No consolation or moral victories for Harman, Fowler at U.S. Open

Brian Harman-US Open-Erin Hills Rob Schumacher/USA TODAY Sports

No consolation or moral victories for Harman, Fowler at U.S. Open

PGA Tour

No consolation or moral victories for Harman, Fowler at U.S. Open

ERIN, Wis. – Brian Harman had just tied for second at the 117th U.S. Open, had just beaten 154 of the best players in the universe, had just won $1.05 million for a week’s work and had just jumped into the top 10 in the Presidents Cup standings.

That’s a lot of good. But he wasn’t in a warm-and-fuzzy mood.

Standing on the 12th green hours earlier, Harman, the Open’s 54-hole leader, still was tied with Brooks Koepka at the top of the board, a robust 13 under par. He’d made only two bogeys over 65 holes. Then he made two straight, Koepka ran off three birdies, and as Harman describes, “It was lights out.”

Just like that, a week filled with so much promise would end short of the desired finish line. Throw all the positives you’d like at Harman, whose 12-under total after a bogey at the 72nd hole would have won 115 other U.S. Opens (and played off at one other). He wasn’t in any mood to pat himself on the back.

“I don’t believe in moral victories,” he said. “I had an opportunity today, and I didn’t get it done. But at the same time I don’t feel as though I lost a golf tournament. I think Brooks went out and won the tournament.”

Harman wasn’t alone. Rickie Fowler (72) entered a major Sunday with a good shot at victory for the second time since April, but didn’t get much going. Justin Thomas, another twentysomething chasing first-time major glory, followed his sizzling U.S. Open-record 63 with a flat 75. See you all next year.

It’s not easy to win on the PGA Tour, and even more difficult to capture a major. On the PGA Tour Champions, they seem to play majors all summer long, but on the regular tour there are but four chances each year. Erin Hills, a first-time major venue, had managed to weed out the world’s top three players – Dustin Johnson, Rory McIlroy, Jason Day – before the weekend arrived.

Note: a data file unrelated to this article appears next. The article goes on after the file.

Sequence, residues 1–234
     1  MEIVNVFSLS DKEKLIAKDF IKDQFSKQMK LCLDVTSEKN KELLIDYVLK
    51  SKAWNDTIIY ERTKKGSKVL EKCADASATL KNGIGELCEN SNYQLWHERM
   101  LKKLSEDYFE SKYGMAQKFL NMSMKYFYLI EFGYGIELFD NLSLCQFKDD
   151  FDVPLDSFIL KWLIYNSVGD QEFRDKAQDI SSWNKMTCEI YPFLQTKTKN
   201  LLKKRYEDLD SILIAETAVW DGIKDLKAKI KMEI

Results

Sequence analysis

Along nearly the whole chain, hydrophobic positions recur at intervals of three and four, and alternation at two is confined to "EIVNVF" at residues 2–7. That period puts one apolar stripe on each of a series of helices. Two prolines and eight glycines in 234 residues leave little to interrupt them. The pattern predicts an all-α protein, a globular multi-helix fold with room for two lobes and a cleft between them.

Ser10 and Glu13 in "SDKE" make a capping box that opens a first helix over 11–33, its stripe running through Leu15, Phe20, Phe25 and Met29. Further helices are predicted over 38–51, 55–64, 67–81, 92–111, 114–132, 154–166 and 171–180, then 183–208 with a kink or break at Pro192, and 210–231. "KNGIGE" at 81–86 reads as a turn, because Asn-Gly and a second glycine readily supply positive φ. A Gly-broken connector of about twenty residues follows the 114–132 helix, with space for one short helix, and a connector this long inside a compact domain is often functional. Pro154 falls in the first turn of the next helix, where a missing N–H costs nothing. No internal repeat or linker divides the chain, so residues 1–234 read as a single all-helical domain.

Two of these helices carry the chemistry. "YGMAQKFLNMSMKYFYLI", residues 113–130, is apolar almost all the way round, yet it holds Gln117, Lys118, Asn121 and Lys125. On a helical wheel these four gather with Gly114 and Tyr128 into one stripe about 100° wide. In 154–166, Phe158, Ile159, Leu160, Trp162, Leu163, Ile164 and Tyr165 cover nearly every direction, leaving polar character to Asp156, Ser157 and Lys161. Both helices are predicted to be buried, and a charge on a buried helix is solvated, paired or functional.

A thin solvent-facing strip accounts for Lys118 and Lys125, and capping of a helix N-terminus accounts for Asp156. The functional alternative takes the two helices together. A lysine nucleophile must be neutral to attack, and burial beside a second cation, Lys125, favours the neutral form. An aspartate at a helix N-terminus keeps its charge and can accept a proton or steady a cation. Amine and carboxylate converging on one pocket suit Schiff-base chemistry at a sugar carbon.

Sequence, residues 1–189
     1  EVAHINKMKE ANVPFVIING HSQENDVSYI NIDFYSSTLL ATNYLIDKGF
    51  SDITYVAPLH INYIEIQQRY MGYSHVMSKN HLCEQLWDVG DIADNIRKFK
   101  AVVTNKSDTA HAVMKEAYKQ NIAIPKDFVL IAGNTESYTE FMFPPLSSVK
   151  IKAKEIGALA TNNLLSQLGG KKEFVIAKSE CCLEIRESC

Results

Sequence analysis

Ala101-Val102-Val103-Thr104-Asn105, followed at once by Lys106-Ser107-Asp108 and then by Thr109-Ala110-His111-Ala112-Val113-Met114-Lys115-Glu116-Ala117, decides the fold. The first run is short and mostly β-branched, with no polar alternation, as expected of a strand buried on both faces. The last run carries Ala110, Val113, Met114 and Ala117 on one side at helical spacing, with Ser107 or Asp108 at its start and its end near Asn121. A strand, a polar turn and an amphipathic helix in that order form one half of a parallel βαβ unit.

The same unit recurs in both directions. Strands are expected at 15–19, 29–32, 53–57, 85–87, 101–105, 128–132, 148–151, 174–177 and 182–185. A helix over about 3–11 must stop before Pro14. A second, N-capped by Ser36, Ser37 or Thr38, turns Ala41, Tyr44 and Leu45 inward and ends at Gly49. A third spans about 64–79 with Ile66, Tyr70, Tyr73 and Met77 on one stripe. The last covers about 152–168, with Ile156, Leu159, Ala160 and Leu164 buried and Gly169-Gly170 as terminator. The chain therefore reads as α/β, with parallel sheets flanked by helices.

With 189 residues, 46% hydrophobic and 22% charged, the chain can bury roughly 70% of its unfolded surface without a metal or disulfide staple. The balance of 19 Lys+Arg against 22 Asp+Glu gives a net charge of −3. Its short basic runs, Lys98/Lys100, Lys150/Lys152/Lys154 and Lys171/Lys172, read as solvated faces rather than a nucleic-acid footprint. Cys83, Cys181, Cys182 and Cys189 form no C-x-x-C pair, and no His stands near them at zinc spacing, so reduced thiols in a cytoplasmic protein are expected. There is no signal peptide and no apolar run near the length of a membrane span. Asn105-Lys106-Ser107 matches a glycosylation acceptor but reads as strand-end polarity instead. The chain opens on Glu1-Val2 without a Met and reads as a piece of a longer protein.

Rickie Fowler-US Open

Rickie Fowler lost his focus Sunday at Erin Hills. (Rick Wood/Milwaukee Journal Sentinel)

So the door was left wide open. Koepka, 27, stepped through it, shooting 67 in the most demanding conditions of the week.

But that doesn’t mean the others won’t relive their Sundays for a while.

This was a different U.S. Open from the start, played across a sprawling 652-acre field. The tournament may have wrapped up on Father’s Day – Koepka hoped that his new U.S. Open trophy made up for not getting his dad, Bob, a card – but this wasn’t your father’s U.S. Open.

The U.S. Golf Association was coming off a couple of sub-par performances at Chambers Bay and Oakmont, the latter overshadowed by a Sunday rules controversy. It was imperative the USGA get this one right, and it did.

To ensure that result, the organization tread cautiously at Erin Hills, opting for sensibility as it felt out its setup options. Evening rains and gentle winds left the course open to scoring for three days, and players peppered the place. Thirty-one players finished under par.

But the tournament produced a quality winner and had an exciting Sunday right up until the moment Koepka shifted into a different gear. Isn’t that better than watching players miss tight fairways, chop out of impossible rough and win at 7-over 287?

And if the newness of Erin Hills bothered the traditionalist inside, don’t fret: A steady decade-long diet of the golden oldies (Shinnecock, Pebble, Winged Foot, Oakmont, etc.) awaits.

Fowler, like Harman, can take positives from another decent major showing but has to wonder when his day will arrive. When he finished top-5 in all four majors in 2014 and seriously contended at the PGA (Valhalla), Fowler was thought to be a lock just waiting in the on-deck circle. Three years later, he’s still waiting.

“I feel like golf-wise, I’m playing at the highest level,” Fowler said. “If you look at the negatives too much, I mean, you’re going to be stuck doing that the whole time.

“You have to measure success in different ways, not just by winning, just because that doesn’t happen a whole lot. I think Tiger had the best winning percentage of all time at 30 percent, and you’re lucky to even sniff close to 10. … I felt like I did a lot of good things, especially in the first round (65), executing my game plan. To finish in double digits under par at a major championship, especially the (U.S.) Open, it was a good week.”

A good week?

Perhaps.

Only one guy had a great week. He left with the U.S. Open trophy.
As for Harman, who isn’t the biggest player on Tour – he’s 5 feet 7 – he says he always has competed with a chip on his shoulder.

The runner-up’s silver medal he received Sunday? It’ll remind him that he wants to upgrade. He showed he has the game and the guts. This week, there was just one man better.

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